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Community Services Denies Assistance to Disabled Student in Need

HALIFAX–On Tuesday, September 25, Dalhousie Legal Aid Service received a decision from the Department of Community Services denying Ms. Melissa Myers, of the Head of Jeddore, income assistance while studying in the Bachelor of Social Work (BSW) Program at Dalhousie.

“I am being punished by the system for trying to further my education,” said Ms. Myers, “If I was to drop out of school tomorrow, I would apparently be eligible for assistance, but because I am continuing my studies, Community Services is forcing me to go without.”

Ms. Myers, 23, is a disabled woman living with cerebral palsy who dreams of someday becoming a social worker. The Department of Community Services supported her during her Bachelor of Arts degree but her income assistance was cut-off when she enrolled in the BSW program at Dalhousie University.

(I think a quote relating a social work degree and melissa’s disability here would be good) says Dr. Wanda Thomas Bernard, Director of the Dalhousie School of Social Work.

Since August 2006, Ms. Myers has lived with no income, depending exclusively on what support her parents can offer to cover her living expenses.

“The law does not in any way exclude Melissa’s eligibility for income assistance,” says Cole Webber, Ms. Myer’s advocate with the Dalhousie Legal Aid Service, “Still, the Department’s stance is that Melissa is not entitled to an income. We find that position to be unacceptable. Provincial legislation obligates the Minister to provide assistance to those in need.”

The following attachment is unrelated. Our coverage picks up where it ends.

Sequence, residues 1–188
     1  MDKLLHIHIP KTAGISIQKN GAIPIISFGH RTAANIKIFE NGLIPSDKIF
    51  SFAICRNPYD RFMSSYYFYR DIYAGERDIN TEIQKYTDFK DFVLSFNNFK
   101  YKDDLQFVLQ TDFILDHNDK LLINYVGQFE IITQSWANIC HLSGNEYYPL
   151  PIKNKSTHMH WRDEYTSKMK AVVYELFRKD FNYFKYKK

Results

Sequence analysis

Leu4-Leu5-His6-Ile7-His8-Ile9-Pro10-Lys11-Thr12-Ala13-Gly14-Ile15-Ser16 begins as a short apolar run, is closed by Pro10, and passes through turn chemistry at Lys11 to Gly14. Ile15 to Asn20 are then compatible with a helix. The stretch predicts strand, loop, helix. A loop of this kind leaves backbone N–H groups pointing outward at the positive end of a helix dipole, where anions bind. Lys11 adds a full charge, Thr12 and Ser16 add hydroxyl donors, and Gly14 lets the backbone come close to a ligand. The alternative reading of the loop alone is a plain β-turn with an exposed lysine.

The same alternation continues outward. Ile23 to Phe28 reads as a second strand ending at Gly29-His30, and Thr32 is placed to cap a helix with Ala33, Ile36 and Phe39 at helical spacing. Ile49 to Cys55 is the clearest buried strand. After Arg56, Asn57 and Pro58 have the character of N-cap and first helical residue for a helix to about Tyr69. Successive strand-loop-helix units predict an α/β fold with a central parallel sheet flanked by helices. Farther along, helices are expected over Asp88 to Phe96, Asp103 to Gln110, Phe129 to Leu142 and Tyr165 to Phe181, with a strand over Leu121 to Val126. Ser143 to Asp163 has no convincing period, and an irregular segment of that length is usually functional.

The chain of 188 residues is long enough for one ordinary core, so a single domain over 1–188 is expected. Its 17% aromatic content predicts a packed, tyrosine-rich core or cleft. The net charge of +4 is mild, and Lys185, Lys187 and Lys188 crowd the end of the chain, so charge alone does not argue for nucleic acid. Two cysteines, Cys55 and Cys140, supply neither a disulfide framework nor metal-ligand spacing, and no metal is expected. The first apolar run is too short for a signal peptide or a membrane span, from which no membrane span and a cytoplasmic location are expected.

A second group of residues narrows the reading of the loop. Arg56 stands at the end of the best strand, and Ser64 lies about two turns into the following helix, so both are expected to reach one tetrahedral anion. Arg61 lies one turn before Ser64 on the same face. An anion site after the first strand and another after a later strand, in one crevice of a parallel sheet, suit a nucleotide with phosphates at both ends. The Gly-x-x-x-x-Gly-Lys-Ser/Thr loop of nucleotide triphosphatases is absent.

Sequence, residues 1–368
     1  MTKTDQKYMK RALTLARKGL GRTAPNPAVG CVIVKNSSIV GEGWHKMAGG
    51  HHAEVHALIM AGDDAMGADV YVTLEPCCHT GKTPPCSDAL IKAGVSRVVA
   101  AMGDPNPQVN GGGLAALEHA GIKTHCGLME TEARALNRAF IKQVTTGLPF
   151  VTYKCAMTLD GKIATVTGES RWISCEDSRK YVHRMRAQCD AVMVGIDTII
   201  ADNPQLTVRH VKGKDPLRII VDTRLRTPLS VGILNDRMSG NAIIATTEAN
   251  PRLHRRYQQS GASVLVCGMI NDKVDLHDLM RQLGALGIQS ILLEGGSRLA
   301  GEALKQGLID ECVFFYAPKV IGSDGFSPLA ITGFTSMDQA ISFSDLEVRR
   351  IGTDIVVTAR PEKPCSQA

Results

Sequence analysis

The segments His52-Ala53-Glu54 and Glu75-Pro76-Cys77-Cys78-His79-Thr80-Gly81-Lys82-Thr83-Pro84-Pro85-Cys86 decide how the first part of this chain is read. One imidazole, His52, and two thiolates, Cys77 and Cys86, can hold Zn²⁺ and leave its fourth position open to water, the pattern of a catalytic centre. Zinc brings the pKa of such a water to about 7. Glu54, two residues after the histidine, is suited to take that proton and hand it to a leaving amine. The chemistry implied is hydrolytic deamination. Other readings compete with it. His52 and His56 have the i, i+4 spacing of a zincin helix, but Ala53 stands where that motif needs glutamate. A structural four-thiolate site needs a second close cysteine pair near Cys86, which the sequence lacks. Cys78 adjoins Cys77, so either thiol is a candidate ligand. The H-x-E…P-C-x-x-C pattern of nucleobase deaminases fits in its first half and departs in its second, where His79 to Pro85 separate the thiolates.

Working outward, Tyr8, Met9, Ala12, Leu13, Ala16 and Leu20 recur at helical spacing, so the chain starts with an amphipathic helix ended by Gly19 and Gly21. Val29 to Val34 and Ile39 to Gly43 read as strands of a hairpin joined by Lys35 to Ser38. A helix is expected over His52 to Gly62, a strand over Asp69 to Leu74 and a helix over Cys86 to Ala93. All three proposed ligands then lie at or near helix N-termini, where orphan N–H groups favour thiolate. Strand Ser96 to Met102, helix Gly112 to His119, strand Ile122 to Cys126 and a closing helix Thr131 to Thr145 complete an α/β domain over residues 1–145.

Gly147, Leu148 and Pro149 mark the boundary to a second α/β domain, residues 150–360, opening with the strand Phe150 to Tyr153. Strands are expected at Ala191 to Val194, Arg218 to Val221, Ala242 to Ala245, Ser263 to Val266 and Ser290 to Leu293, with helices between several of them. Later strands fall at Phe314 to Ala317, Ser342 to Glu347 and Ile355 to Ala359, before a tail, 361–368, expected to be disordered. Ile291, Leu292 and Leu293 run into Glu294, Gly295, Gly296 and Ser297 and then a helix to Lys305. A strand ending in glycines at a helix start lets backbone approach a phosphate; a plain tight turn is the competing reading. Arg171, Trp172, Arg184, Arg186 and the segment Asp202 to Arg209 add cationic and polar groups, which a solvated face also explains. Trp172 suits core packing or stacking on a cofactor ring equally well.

At the beginning of October, Mr. Webber wrote Community Services Minister, Judy Streatch on Ms. Myers’ behalf, requesting she be given the opportunity to meet with the Minister. Neither Ms. Myers nor Mr. Webber have heard back from the Minister’s office.

According to the Department of Education the average student requires $14,000 to attend university for one year. The maximum student loan a Nova Scotia student can receive is just over $12,000. Students with disabilities, who require much more supports, have a much higher cost of living, leaving these students with a significant income deficit when attending university. (I just wanted to give context to my quote)

“With high tuition fees and a lack of comprehensive needs-based grants in Nova Scotia, high-need students, such as students with disabilities and single-parent students, have nowhere to turn but social assistance,” says Kaley Kennedy, Nova Scotia representative for the Canadian Federation of Students, “In denying high-need students access to assistance, Community Services is saying quite clearly that students with the highest need do not have a right to the post-secondary education they deserve.”

Ms. Myers is adamant that the Department of Community Services stop denying those in need an income simply because they choose to pursue an education that in the long run will ensure their financial independence from the Department.

“I am not just doing this for myself, but also for others who may be in similar situations.” concluded Ms. Myers, “My hope is that other people will not have to go through the same struggle that I have.”


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